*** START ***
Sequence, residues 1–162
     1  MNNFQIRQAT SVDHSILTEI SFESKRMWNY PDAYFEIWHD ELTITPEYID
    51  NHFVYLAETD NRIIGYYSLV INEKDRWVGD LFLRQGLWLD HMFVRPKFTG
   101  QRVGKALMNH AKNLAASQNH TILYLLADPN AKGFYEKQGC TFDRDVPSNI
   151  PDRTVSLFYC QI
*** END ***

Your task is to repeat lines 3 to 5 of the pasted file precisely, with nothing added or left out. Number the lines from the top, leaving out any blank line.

    51  NHFVYLAETD NRIIGYYSLV INEKDRWVGD LFLRQGLWLD HMFVRPKFTG
   101  QRVGKALMNH AKNLAASQNH TILYLLADPN AKGFYEKQGC TFDRDVPSNI
   151  PDRTVSLFYC QI